Thursday, July 8, 2010

Camp in campaigns

So have you seen those Chipotle billboards? Or well... have you noticed the new Chipotle billboards? You may have seen, but had a rough time really noticing the message. Rather than an over-sized foiled burrito with a short, clever phrase, the new creative is a very lengthy description (in regards to standards on content in billboard campaigns) in gray text with a few words in darker letter and the Chipotle logo in color in the corner. On a quick glance it may read as something like, "We make big burritos." 

Was I more attuned to this only because about the time these popped up I was in the middle of trying to convince people involved in a billboard campaign that less is more? Most likely; the irony (on many levels) had me laughing on my commute to and from work. Regardless, it got me thinking about the success of these "meta" campaigns and also what agency would take on this project only to take a beating. 

This article in the New York Times informs that it really wasn't an ad agency willing to let Chipotle bash them in this campaign. The campaign was built in-house... but they were making light of all the advice given by former ad agencies. Hmm... maybe Chipotle just didn't look hard enough for an agency to fit their culture. Looking into other meta campaigns like the Donato's yes-we-sucked-but-now-we-don't, we find Crispin Porter and Bogusky behind that brainchild--an agency known for its quirky ads like the Whopper Freakout when consumers were told they couldn't get a Whopper on a hidden camera.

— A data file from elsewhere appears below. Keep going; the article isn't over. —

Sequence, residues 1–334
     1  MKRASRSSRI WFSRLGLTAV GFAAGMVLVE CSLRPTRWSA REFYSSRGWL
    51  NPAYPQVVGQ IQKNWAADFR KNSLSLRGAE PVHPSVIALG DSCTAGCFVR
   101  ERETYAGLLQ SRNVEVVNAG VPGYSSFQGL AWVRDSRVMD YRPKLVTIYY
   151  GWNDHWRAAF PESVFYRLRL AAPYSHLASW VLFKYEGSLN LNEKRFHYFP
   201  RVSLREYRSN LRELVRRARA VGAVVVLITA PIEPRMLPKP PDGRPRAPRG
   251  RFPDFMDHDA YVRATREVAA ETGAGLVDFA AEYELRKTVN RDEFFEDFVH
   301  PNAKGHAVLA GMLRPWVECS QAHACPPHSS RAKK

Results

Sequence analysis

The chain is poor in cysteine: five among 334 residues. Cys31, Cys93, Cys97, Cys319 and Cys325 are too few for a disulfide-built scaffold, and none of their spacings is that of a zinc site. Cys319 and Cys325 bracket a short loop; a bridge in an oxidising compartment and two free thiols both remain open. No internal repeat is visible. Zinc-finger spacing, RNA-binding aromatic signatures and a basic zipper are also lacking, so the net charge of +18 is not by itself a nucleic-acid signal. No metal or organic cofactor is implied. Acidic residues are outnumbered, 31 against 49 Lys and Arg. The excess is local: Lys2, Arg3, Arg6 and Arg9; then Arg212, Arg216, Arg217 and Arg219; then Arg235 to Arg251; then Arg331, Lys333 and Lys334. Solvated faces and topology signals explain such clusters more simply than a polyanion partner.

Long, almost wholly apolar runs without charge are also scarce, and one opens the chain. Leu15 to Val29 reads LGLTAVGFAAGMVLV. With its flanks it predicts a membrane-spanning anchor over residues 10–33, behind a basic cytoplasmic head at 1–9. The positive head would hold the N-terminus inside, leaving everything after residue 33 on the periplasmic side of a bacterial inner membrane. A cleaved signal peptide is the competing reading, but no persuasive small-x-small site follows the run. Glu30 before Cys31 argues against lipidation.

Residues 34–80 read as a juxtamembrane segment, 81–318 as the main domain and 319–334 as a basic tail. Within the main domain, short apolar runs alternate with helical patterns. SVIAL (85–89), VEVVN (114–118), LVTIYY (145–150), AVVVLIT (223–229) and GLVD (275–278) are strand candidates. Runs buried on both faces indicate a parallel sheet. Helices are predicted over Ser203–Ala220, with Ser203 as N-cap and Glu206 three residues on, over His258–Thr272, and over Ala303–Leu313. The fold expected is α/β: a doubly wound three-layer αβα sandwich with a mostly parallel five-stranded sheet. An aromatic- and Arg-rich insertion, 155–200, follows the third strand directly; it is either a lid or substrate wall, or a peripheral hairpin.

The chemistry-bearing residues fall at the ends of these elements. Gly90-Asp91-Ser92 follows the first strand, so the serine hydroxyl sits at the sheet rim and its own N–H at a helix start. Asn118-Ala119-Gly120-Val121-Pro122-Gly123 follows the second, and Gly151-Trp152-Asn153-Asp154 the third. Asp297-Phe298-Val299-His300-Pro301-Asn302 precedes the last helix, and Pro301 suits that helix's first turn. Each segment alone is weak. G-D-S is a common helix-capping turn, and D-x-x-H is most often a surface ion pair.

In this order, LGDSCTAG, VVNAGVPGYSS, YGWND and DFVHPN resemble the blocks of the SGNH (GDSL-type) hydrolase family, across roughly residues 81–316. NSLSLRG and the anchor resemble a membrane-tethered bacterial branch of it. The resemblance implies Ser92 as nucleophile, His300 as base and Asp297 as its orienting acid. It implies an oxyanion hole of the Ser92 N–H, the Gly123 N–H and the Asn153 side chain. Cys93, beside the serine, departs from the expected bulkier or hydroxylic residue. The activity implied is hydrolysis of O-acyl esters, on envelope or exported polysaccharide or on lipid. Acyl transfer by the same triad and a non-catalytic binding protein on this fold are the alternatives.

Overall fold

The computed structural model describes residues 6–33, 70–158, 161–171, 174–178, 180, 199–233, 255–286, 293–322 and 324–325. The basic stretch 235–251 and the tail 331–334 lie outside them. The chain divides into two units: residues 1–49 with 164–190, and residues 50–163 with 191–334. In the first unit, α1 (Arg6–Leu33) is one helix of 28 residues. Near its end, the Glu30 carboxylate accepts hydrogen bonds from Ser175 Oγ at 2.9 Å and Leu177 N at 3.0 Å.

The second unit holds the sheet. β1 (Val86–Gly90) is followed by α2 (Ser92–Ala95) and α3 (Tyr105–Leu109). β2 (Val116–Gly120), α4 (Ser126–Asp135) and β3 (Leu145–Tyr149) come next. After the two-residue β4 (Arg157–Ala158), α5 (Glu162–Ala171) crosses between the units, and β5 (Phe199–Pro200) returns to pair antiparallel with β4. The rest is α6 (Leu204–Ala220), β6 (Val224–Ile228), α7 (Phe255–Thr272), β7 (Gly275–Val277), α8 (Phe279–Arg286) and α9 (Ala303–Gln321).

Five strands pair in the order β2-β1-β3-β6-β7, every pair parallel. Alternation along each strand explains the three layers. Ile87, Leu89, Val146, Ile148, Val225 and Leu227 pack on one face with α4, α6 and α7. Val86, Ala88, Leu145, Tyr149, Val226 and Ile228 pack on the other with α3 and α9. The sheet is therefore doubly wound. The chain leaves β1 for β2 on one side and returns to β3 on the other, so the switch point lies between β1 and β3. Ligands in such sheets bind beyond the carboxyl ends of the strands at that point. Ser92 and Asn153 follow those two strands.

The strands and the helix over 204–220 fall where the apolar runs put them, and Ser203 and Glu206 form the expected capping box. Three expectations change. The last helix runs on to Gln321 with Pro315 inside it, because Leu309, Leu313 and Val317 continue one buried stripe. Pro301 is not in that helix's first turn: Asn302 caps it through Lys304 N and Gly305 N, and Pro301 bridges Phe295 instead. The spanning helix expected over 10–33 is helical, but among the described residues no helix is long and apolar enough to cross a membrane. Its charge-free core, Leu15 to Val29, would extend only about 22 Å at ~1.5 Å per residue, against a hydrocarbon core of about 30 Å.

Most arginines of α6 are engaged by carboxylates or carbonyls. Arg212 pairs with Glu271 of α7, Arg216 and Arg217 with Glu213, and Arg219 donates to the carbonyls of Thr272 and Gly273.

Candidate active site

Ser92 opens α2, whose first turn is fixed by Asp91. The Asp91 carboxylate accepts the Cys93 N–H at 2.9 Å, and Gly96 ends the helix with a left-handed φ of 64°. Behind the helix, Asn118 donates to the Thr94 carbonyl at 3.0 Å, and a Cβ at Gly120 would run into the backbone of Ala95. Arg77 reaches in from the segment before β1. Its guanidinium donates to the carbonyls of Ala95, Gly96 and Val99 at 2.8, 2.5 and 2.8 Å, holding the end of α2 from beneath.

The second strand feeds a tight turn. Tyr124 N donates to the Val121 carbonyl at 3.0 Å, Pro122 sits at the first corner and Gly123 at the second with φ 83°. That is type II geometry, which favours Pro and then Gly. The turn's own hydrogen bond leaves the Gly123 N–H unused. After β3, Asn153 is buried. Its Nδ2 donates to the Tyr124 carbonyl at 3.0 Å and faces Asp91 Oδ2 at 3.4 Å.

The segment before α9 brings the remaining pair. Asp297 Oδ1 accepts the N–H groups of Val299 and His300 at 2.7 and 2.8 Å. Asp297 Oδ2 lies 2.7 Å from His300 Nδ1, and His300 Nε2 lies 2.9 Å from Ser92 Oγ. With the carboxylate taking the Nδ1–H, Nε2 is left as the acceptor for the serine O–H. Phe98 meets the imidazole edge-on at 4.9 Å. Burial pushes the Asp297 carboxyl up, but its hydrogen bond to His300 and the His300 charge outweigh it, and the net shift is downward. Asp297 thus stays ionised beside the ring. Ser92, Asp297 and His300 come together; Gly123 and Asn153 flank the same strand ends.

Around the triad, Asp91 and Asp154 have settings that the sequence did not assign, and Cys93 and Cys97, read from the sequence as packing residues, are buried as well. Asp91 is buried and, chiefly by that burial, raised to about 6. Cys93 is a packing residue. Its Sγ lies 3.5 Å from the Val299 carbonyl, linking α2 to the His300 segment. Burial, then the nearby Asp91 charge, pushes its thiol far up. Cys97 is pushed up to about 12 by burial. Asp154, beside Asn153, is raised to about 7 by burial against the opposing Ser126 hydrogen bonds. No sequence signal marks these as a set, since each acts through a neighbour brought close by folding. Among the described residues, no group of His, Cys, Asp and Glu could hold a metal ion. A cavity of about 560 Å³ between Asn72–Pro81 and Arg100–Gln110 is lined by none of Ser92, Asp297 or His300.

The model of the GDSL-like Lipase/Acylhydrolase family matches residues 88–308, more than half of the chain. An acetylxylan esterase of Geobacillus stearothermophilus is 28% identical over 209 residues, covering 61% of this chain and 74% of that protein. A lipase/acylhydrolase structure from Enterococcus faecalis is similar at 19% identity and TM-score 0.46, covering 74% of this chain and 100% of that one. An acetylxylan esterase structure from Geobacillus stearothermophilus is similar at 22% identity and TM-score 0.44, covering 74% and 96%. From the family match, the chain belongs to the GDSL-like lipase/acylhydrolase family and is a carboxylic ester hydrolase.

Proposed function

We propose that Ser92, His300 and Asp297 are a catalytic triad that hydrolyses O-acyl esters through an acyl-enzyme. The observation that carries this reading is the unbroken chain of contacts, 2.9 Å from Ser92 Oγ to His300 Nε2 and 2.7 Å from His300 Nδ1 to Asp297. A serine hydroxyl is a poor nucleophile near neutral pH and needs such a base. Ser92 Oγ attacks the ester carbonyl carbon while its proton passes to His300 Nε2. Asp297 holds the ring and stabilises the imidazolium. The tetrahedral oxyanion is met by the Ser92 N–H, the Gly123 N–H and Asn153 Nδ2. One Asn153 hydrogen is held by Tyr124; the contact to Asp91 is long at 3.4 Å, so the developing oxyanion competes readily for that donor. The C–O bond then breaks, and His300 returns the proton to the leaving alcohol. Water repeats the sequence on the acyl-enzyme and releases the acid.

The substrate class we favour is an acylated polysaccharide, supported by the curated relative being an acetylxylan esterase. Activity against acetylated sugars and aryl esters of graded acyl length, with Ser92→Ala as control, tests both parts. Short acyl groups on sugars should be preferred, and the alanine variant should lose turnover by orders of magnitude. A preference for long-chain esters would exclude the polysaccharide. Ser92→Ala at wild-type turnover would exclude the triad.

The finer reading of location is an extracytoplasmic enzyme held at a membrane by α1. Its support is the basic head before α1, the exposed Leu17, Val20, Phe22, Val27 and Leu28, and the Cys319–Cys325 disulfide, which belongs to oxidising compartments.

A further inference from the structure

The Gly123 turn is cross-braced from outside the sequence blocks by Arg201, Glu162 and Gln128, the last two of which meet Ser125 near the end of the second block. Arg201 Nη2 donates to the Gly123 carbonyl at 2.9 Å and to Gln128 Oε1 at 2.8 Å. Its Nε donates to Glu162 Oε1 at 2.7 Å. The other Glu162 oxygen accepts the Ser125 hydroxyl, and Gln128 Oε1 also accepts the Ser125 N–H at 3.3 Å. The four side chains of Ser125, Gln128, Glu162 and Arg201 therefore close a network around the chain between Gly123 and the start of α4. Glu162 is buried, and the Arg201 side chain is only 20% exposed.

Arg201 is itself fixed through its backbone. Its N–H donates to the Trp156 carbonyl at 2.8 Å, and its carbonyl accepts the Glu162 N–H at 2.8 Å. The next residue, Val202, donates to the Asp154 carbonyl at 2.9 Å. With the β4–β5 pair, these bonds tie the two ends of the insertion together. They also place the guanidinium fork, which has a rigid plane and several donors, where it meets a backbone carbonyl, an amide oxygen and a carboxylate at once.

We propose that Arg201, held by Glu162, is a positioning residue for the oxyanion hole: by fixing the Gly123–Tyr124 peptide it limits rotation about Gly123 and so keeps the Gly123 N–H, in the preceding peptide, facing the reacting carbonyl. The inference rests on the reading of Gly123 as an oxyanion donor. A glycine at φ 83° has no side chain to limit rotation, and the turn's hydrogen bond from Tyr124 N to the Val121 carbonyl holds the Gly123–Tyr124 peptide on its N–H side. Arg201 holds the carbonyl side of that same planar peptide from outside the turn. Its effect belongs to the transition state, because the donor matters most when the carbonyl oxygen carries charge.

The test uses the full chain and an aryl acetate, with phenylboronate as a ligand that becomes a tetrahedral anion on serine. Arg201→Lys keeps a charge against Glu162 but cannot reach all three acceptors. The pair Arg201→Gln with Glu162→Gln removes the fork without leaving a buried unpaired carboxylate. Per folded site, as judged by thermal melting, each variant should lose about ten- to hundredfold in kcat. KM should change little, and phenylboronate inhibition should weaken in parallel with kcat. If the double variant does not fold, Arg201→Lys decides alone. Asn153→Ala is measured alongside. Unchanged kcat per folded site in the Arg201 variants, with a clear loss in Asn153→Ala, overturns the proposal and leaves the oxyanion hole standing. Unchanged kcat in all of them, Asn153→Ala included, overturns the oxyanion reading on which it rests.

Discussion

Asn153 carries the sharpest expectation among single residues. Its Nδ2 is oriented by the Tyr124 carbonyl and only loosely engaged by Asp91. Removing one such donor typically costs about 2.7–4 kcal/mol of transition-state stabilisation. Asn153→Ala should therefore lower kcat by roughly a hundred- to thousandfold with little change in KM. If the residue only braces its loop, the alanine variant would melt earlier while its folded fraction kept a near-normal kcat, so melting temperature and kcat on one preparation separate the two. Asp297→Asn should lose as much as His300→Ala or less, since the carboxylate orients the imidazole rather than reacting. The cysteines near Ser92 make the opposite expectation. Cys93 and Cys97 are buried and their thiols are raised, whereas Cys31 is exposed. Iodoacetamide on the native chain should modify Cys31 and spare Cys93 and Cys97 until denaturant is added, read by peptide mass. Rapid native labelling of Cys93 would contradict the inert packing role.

But thinking on Chipotle and Donato's "meta" campaigns it takes me back to my Movie Musicals courses and discussing self-reflective musicals (a musical that portrays others putting on a musical). It was suggested by Jane Feuer that these type of musicals hold a myth of the audience which when we see the audience in the musical reacting in a certain manner, we as the actual audience react in the same manner. So, as we watch these "Domino's hold outs" give in to trying the new Donato's pizza and loving it, we are wanting to give in and love it as well. Plus for many, as they heard the feedback in the focus groups in the first run of commercials for the campaign regarding the lacking old pizza, it was reinforcement of an opinion you held and forced you to listen as you felt a personal connection as to how those shared concerns would be addressed. As for Chipotle's meta campaign not having an audience to connect with, in my humble, yet somewhat biased towards the advertising (agency) industry, opinion, I think it makes them sound pretentious.  In saying that, these campaigns reflect another musical trait, camp, which many define as being ostentatious... I suppose the route on which Chipotle was headed.

Whether or not Chipotle's meta campaign is being viewed as they would hope or as I see it, it is important to note that most any brand properly involved in social media is in some ways involved in a meta campaign. Having your consumers have a very public place to address their concerns with your product/service and needing to provide a quick response to them requires some self-reference and an ability to give a voice to your brand. Social media is the meta-campaign without all the parody... although depending on whom you have managing the content for your social media, could still be quite campy.

Other References
Feuer, Jane. "The Self-Reflective Musical and the Myth of Entertainment." Hollywood Musicals: The Film Reader.
"Like Cardboard." - Seth Stevenson